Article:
"Oh, God, Lanie," Kate whimpered, practically crumbling into her friend's arms. They stood there for long moments, clutching each other desperately as the pain raced through them.
Kate caught movement over Lanie's shoulder and glanced up to see Ryan and Esposito charging into the ER, both men shouting into their phones as the ran down the hall, followed closely by Castle's mother and daughter. She squeezed her eyes shut for just a second, then pulled back from her friend, giving her a grateful if watery smile.
"How is he?" Esposito asked as he disconnected his call. As a detective, Javier Esposito was trained to focus on the details, and from what little she had heard, both he and his partner were already working the shooting.
All eyes turned to Kate, but she couldn't speak, nearly paralyzed with pain and fear. Lanie stepped in front of her, squeezing her arm as she turned to the group.
"He took a bullet to the chest," she explained. "He crashed once in the ambulance, but we were able to revive him. Josh is in with him now. He'll take good care of him."
"Oh, God," Martha Rodgers whispered, pulling her granddaughter close.
Esposito put his arms around Lanie, dropping a kiss onto her forehead. Kevin Ryan dropped his head, but Kate had seen the pain cross his face. When she looked over at Martha and Alexis, she saw similar pained expressions on their faces. She stepped forward, feeling like she had to say something.
"I—I'm sorry," she said, voice trembling as much as her hands as she faced the two most important women in Castle's life. "I'm so sorry. It should have been me…"
"Yes, it should have," Alexis said, pulling out of her grandmother's arms. She advanced on Kate, but Ryan quickly stepped behind her and tugged at her shoulders. It didn't stop her from giving voice to her thoughts, nearly shouting through all the pain and worry. "It shouldn't be my dad in that hospital room; it should be you. Why isn't it you?"
Kate winced at her words. Alexis Castle had always been honest; she knew no other way to be, but just this once Kate wished that she didn't understand as much as she did.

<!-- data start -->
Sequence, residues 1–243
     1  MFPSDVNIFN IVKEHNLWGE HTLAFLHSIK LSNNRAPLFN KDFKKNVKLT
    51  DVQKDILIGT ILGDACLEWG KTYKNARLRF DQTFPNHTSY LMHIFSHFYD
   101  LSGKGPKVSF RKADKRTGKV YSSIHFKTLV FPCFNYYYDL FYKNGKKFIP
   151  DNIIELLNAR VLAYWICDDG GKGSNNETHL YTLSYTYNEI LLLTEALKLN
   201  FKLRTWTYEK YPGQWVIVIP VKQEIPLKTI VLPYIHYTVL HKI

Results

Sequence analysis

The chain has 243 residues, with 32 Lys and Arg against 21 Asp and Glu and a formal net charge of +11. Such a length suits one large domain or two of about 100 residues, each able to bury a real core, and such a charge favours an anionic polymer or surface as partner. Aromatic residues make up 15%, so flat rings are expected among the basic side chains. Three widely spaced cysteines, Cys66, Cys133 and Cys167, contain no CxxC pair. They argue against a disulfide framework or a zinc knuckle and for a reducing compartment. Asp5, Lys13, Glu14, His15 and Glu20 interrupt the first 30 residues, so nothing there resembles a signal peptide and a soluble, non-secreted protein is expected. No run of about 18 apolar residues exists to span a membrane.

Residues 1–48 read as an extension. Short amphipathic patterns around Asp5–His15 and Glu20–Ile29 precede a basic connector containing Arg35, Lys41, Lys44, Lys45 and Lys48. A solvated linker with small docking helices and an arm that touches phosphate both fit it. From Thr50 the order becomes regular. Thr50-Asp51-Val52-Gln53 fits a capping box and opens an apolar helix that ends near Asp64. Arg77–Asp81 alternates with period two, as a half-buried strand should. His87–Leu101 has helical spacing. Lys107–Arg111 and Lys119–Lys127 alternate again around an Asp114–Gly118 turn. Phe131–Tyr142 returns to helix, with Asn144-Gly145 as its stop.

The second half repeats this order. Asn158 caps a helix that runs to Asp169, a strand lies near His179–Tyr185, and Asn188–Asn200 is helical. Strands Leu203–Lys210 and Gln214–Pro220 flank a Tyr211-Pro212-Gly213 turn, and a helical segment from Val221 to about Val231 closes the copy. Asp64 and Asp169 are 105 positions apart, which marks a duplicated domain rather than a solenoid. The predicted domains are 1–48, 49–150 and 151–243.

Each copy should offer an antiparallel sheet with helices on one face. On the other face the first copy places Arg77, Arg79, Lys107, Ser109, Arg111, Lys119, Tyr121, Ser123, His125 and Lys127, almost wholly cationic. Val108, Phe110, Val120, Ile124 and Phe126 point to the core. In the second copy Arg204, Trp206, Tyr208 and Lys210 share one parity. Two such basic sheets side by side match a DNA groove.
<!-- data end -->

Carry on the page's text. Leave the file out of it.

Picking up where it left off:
"I don't know," she whispered. "I wish I could change it. For your sake, Alexis, I wish I could."
"Yeah, well, if he dies, it'll be your fault," Alexis said, venom in her tone. She pulled herself out of Ryan's grip as the rest of the group gaped at her.
Lanie cast a sympathetic glance at her friend, then pulled away from Esposito and went to Alexis. "He's gonna be a while yet. Why don't we go get something to drink while we wait?"
Alexis looked like she was going to refuse, but at an encouraging nod from her grandmother, she relented and walked off with Lanie, the ME's arms around her shoulders meant not only to comfort but also to guide.
Kate breathed a sigh as the two walked away. An uncomfortable silence descended on the group. Ryan was the first to break it.
"I think I'm gonna head back to the station house, see what kind of progress they've made on finding the shooter."
Kate looked up, hopeful, but Esposito shook his head. "They scoured the cemetery, but came up empty. He left the rifle, so we might get lucky with prints or a serial number."
"Okay," Kate said, twisting her hands in front of her. "That's good."
Esposito approached her and laid a hand on her shoulder. "He's gonna be okay," he said quietly. She looked up into his eyes, helpless as more tears pooled in them. "You should think about going home, getting changed."
Kate looked down at her uniform. What had once been crisply pressed was now hopelessly crumpled. The dark color hid the copious amounts of blood—Castle's blood, she tried not to think—but she could still feel the dampness against her skin.
"I can't," she whispered. She didn't want to leave and miss something.
Esposito just squeezed her shoulder, then dropped his hand and moved over to where his partner stood, just beyond their little group. He cast one last glance at Castle's mother, who gave him a nod and an encouraging smile. She could see that he didn't much like the idea of leaving them alone together, but they had little choice.
Just then, one of the nurses appeared at the double doors, catching Martha's attention. Kate turned, and the rest drew closer, desperate for news.